McLay 775 Cruiser

By: Paul Smith


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Milton’s McLay Boats has been building alloy trailer boats for more than two decades. The 775 Cruiser is the largest in the range and a highly spec’d version was recently delivered to its new owner, who intends using it at various South Island locations..

McLay 775 Cruiser
McLay 775 Cruiser

Our test morning on Lyttelton Harbour was subject to a typical Canterbury frost (around three degrees), so it was gratifying to see the cabin heater in defrost mode as we arrived.

The 775 sits on a triple axle Toko trailer, and with a towing weight of 3500kg, a suitable tow vehicle is required – Toyota’s Landcruiser makes easy work of it. The electronic Hydra-Star braking system operates on four wheels and since this rig is to be towed to various South Island destinations, a triple axle rig offers added durability.

Fixtures and fittings
The bow is protected by a sturdy alloy railing and a bow-mounted boarding ladder folds back over the foredeck. An alloy fairlead secures the anchor (operated by a helm-activated auto windlass). Grab rails welded to the forecabin top either side, as well as along the wheelhouse top, assist when moving to the foredeck.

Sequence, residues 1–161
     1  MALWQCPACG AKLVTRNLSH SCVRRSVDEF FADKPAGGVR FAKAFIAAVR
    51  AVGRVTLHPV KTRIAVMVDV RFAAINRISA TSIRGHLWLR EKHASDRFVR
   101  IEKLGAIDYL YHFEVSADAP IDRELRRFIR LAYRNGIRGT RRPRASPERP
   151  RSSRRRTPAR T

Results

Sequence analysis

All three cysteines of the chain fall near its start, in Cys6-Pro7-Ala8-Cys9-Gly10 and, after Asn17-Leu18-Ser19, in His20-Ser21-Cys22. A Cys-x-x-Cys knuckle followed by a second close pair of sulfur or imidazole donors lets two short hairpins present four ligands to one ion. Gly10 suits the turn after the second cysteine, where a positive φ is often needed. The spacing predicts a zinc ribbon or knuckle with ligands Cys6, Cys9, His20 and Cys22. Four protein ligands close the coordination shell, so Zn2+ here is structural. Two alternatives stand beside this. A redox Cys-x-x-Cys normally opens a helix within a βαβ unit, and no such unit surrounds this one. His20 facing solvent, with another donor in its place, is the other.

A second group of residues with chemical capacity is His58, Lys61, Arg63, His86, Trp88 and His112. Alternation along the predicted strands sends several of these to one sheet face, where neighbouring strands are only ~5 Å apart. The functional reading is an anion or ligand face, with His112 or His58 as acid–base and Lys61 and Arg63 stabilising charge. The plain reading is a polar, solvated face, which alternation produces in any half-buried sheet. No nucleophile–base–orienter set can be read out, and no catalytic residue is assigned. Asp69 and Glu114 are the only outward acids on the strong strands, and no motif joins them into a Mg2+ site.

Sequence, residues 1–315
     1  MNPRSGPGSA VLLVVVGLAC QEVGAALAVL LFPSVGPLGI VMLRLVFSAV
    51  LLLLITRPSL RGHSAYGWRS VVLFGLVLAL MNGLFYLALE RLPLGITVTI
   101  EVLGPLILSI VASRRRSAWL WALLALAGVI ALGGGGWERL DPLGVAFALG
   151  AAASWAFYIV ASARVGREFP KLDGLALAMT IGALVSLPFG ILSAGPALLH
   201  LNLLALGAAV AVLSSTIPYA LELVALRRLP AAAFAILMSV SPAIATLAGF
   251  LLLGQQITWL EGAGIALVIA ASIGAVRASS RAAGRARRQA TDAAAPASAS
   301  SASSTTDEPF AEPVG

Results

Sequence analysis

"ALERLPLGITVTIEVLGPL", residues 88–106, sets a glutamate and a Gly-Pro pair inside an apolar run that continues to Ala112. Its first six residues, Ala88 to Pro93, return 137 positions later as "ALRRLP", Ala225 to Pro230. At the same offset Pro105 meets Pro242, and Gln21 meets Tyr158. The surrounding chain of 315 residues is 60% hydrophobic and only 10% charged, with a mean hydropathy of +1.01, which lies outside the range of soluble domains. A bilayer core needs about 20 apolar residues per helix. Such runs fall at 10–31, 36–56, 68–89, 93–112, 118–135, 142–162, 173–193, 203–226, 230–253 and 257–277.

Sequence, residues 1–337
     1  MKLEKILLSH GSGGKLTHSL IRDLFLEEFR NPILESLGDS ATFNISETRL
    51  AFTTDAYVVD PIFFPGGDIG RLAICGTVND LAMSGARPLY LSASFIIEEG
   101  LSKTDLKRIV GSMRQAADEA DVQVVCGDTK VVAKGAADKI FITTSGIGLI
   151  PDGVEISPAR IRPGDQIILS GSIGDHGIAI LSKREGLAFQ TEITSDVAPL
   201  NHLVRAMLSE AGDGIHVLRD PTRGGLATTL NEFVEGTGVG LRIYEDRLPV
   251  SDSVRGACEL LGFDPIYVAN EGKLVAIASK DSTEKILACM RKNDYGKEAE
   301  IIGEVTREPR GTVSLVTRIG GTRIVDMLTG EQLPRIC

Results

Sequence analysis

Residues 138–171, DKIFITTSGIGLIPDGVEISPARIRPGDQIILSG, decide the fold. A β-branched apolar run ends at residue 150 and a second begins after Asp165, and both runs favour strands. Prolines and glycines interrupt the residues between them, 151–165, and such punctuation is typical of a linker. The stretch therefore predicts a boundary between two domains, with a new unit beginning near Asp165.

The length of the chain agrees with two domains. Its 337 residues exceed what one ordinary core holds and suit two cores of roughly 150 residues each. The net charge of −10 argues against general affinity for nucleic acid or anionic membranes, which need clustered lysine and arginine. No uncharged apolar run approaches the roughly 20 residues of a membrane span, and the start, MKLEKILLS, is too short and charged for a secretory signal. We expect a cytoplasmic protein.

The forecabin is nicely lined throughout – no bare alloy. A hatch in the front bulkhead gives access to the anchor locker, while a large solid alloy hatch provides access to the foredeck. Natural light pours through side windows. Full length parcel trays run either side of the cabin and the vee berth’s converted to a double berth with infill squabs. Quality upholstery comprises of soft, dark fabrics that contrast well with the grey marine carpet and linings.

The wheelhouse’s well appointed and, like the forecabin, fully lined. A curved glass windscreen offers excellent visibility for’d, while sliding glass side windows and fixed quarterlight windows in the rear bulkheads enhance a feeling of space.

A Simrad CX44 combo radar, plotter and sounder takes pride of place in the centre of the dashboard. Auto-pilot, auto trim tabs, windlass switches and wiper/washer controls are all well placed, while the electronic throttle/forward/reverse control falls easily to the starboard hand.

A treadplate alloy footrest and a sensibly-located seat provides a comfortable helm position. There’s good storage under the helm seat’s base. The Navman VHF and Sony sound system head unit are located in a roof-mounted binnacle that curves around the shape of the windscreen.